Because the onus of proof was on the Revenue to show that there had been a loss of tax attributable to fraudulent or negligent conduct in relation to the ETL years, the Revenue had opened the case before the commissioners, dealing not only with those years but also with the in-date years.

In the High Court Mr Hurley sought to introduce a written statement made by his father before his death which was not put before the commissioners.

Held, allowing the appeals in part:

1. The effect of the Taxes Management Act 1970 section 50 subsec-or-para (6)Taxes Management Act 1970, s. 50(6) was that the onus of discharging an assessment was on the taxpayer. That was so even where the Revenue had opened the case before the commissioners:Jonas v Bamford (HMIT)TAX (1973) 51 TC 1 at p. 20-21 per Walton J followed.

2. However, for the ETL years, there was an initial burden on the Revenue, under Taxes Management Act 1970 section 36 subsec-or-para (1)s. 36(1) of the Taxes Management Act 1970, to show a loss of tax attributable to fraudulent or negligent conduct. In discharging that burden, if the commissioners disbelieved the taxpayer's explanation of the source of funds, they could, and normally would, rely on the capital statements and uphold the assessment. If they believed the explanation they would discharge the assessment. If they did not accept the explanation, not positively disbelieving the taxpayer's evidence, but unable to say if it was true or not, then because the initial burden was on the Revenue to prove on the balance of probabilities that it was not true was not satisfied, the assessment had to be discharged.

3. The commissioners had said that they "did not accept" that the father had made the loans because Mr Hurley was unable to prove that his father had sufficient resources. That did not mean that they positively disbelieved that the father had not made the loans, but that they were not satisfied that he did. Consequently, it followed that the Revenue had not discharged the s. 36 burden of establishing fraudulent conduct or neglect for the ETL years. But Mr Hurley had not discharged his burden under Taxes Management Act 1970 section 50 subsec-or-para (6)s. 50(6) in relation to the in-date years. Accordingly the assessments for the ETL years were discharged and the assessments for the in-date years were upheld in the reduced amounts confirmed by the commissioners.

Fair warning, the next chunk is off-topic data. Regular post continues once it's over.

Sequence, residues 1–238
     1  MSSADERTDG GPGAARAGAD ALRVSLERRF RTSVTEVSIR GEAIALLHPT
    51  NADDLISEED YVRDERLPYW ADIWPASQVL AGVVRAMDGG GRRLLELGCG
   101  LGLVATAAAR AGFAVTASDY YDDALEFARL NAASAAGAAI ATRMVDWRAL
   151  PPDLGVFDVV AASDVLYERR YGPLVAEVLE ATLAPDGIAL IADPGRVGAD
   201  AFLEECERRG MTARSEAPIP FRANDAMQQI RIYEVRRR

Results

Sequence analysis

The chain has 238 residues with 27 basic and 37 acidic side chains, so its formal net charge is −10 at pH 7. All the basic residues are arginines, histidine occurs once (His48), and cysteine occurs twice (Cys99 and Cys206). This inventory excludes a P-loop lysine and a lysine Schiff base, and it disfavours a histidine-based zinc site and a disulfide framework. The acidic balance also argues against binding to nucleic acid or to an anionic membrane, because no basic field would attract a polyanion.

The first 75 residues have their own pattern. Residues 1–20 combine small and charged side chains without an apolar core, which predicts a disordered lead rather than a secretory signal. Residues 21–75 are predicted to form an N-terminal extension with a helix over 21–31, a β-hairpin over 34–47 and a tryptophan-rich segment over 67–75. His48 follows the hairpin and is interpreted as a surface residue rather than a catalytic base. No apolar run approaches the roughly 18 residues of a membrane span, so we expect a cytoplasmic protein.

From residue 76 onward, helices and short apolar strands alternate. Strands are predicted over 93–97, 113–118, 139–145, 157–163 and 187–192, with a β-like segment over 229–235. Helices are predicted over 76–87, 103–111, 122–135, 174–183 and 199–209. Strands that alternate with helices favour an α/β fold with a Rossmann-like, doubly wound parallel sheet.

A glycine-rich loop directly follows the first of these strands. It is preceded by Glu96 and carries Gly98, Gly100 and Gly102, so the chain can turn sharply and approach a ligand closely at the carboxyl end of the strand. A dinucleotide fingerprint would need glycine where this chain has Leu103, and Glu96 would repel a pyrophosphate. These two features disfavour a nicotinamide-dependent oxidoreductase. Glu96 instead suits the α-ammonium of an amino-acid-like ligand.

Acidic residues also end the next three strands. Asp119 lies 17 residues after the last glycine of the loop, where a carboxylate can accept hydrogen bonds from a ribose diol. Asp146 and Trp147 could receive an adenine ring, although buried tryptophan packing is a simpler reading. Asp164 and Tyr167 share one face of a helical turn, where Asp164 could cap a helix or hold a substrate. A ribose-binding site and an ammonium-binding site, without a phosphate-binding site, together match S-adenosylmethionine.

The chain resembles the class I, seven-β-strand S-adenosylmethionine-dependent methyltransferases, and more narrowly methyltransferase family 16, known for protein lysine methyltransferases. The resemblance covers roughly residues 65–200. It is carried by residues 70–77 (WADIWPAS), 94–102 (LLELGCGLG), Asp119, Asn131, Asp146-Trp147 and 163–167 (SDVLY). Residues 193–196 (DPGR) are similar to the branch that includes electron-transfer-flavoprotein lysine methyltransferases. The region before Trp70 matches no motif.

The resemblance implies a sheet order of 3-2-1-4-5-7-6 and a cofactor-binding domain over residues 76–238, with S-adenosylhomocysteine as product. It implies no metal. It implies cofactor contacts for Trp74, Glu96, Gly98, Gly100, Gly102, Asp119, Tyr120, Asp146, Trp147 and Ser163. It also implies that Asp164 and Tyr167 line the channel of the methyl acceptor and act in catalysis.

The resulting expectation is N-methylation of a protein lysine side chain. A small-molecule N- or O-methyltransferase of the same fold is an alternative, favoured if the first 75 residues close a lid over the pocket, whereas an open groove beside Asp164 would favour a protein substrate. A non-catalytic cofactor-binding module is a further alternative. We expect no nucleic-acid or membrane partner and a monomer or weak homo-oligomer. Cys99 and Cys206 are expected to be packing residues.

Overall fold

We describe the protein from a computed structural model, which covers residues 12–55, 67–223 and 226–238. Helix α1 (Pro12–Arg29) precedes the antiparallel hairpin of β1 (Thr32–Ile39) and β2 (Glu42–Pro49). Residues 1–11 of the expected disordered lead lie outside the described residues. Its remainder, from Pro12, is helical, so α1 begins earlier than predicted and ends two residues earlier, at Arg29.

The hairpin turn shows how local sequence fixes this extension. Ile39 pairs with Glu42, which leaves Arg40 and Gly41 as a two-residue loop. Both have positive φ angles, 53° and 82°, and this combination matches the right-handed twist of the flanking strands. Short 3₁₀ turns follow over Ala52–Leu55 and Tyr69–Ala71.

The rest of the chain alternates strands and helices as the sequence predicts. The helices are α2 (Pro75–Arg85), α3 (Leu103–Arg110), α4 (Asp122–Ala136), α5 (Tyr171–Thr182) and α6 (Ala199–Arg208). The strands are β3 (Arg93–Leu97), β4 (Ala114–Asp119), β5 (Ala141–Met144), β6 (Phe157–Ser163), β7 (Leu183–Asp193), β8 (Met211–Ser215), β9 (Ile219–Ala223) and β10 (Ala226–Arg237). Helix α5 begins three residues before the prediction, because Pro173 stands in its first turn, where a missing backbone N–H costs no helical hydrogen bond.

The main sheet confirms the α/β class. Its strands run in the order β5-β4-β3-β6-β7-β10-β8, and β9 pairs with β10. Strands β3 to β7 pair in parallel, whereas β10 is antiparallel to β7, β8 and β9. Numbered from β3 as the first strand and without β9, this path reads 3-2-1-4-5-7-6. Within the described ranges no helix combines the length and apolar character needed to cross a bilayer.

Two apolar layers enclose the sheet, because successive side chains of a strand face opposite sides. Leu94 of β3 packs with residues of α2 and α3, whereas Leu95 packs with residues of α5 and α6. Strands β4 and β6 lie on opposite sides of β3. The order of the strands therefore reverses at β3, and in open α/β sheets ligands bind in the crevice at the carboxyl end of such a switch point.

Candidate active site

4. New evidence which was not put before the commissioners could not be introduced on appeal.


1. At meetings of the general commissioners for the division of Bromley held on 27 January 1994, 16 February 1994, 22, 23 and 24 April 1996 and 25 July 1996 Mr Anthony Cornelius Hurley ("the appellant") appealed against assessments to income tax made on him under Income and Corporation Taxes Act 1988Case I of Sch. D and Class 4 National Insurance Contributions in respect of profits from a solarium, car sales and as a general dealer and against assessments under Income and Corporation Taxes Act 1988Case VI of Sch. D on profits from furnished lettings. [There followed a list of details of the amounts assessed.]

Meetings arranged for 8, 9 and 10 August 1994 were cancelled because the appellant produced medical evidence that he was unable to attend on those dates. The appellant produced medical certificates dated 14 August 1994, 26 August 1994 and 12 September 1994 certifying that he was suffering from panic attacks or anxiety/depression. On 17 January 1995 the appellant's general practitioner indicated that the appellant should be able to continue with the appeals by the middle of 1995. Meetings arranged for 20, 21 and 22 November 1995 were cancelled because, following the death of his father, the appellant was in an anxiety depressive state. At the resumed hearing on 22, 23 and 24 April 1996, neither party served notice that the SI 1994/1812General Commissioners (Jurisdiction and Procedure) Regulations 1994 were not to apply.